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Rockets vs. Jazz Final Score: One injured team beats another

Even with all the injuries, a surprisingly fun game.

Thomas B. Shea-USA TODAY Sports

The Rockets got to one game within .500 on Thursday night with a home victory over the Utah Jazz, 103-94. In a game of two halves, the Rockes once again showed flashes of a shadow of the great team they were last year, despite being down Dwight Howard, who tweaked his back in warmups, and Donatas Motiejunas, out again with his long-term back issue. That said, the Jazz were in even worse shape, missing Alec Burks and Derrick Favors, and with Rodney Hood leaving early in the third quarter and Rudy Gobert restricted to 15 minutes.

It was an awful outside shooting night for the Rockets, but wouldn't you know it, they kept penetrating and finishing at the hoop, and getting to the line, and they grinded it out. James Harden had the starkest disparity, finishing with 33 points on 13-25 shooting, including 0-7 from three-point range.

The entire first half was a snoozefest in which the Rockets only scored 39 points, punctuated by the saddest turnover you'll ever see from Harden.

But the second half was the polar opposite! The Rockets sped up their defensive rotations, turned steals into fast-break points, and their regularly scheduled horrible turnover just made everyone laugh instead:

First of all, don't stand in the corner like that, Trevor! But Jason Terry was clearly the culprit here. Count the bodies, Jason. And yet it wasn't all lowlights. Montrezl Harrell looked feisty all game, and hammered home this fast break dunk after he stripped a ball-handler:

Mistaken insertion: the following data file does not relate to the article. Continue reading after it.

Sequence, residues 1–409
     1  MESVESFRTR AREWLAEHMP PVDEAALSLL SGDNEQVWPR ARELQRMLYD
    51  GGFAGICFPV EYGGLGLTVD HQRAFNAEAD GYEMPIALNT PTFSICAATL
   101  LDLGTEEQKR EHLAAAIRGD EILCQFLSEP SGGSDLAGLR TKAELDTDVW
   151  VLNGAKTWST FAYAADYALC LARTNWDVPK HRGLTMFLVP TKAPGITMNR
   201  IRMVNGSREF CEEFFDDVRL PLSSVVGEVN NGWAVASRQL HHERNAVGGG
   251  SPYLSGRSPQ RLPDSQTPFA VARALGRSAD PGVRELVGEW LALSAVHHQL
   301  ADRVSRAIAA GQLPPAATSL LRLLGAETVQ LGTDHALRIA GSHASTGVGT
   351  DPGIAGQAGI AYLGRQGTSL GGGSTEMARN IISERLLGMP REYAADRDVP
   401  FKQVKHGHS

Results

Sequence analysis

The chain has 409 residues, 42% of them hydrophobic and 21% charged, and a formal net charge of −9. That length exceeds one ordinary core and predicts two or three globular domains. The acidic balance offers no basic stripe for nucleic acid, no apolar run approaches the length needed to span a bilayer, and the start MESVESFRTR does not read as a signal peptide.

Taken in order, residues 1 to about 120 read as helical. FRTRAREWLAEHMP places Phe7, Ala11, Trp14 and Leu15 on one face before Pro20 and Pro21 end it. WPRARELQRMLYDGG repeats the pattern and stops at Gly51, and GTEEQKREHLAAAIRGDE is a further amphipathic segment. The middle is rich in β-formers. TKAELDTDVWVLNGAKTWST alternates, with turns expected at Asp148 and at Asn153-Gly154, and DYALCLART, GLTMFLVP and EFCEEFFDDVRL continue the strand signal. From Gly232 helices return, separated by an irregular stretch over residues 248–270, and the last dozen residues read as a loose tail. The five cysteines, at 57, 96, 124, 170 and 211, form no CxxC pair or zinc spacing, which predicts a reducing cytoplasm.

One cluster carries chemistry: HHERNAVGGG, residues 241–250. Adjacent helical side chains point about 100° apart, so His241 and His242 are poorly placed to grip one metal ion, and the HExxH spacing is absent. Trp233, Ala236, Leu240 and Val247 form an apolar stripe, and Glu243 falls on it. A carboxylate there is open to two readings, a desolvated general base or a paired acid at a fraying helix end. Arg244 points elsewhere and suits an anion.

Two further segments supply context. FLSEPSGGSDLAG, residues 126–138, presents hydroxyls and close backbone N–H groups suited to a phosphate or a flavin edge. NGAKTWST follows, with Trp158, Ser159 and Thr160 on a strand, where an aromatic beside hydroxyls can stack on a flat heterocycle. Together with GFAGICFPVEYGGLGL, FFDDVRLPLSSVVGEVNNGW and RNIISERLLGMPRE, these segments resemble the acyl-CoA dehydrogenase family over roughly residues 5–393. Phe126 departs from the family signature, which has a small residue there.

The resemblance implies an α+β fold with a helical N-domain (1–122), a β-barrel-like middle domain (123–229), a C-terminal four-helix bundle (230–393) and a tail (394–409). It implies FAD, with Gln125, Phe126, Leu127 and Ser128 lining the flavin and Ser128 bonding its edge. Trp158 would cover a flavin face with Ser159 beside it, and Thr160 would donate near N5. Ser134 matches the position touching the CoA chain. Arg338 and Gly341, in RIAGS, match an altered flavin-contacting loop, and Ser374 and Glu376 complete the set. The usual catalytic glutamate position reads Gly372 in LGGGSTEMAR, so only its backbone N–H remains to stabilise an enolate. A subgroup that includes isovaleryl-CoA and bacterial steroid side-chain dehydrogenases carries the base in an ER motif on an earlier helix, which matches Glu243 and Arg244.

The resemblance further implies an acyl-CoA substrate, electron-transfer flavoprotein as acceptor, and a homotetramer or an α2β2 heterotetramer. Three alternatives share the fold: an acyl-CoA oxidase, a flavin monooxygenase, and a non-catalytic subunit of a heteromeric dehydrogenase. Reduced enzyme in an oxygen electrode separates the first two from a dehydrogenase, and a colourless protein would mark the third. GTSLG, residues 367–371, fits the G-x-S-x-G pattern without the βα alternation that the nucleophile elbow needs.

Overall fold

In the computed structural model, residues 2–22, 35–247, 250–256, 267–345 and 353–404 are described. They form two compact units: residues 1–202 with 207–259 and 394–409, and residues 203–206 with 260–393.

That was savage. Harden was engaged defensively in the third and early in the fourth, and it showed. The whole team took his cue and rotated quickly. When Harden lost focus midway through the fourth while guarding Chris Johnson, it broke the whole team's scheme, Johnson had a 7-point run and an assist to a huge Trevor Booker slam, and the Jazz were right back in the game. The whole team tightened up down the stretch however, forcing a couple key turnovers, and they closed it out with relative ease.

It's hard to be too mad at Harden though, as aside from the above boneheaded turnover (and a couple of others), he was truly great on offense tonight. A couple of other players had two- or three-bucket bursts over the course of the game, but Harden's scoring was the constant all night.

Besides Harden, the Rocket who distinguished himself the most was Montrezl Harrell. Sure, when he was matched up with Gobert he got roasted, but he's listed at 6'8" and Gobert is a humongous tentacle monster. But he was energetic if unpolished as always on the defensive end, and just about the same on the offensive end. That may seem like faint praise, but energy is what the Rockets have lacked so often this season. With Harrell (especially combined with Jason Terry and, yes, Corey Brewer), they have that energy in spades.

Maybe it was Harrell's extra minutes, maybe it wasn't. But for whatever reason, in that second half, the Rockets just felt like themselves again. They were barely competent from three, but they ran and penetrated and hit just enough to keep the Jazz scrambling. Against a team with more warm bodies, though, it wouldn't have mattered because the first half was so terrible. It's still not all sunshine and rainbows in Houston, despite the fact that the Rockets are only a half-game(!) out of that necessary sixth seed in the Western Conference.

Next up on the schedule is a road game against the Indiana Pacers on Sunday. Trevor Ariza did some good work against Gordon Hayward, but Paul George will severely test him and the rest of the Rockets.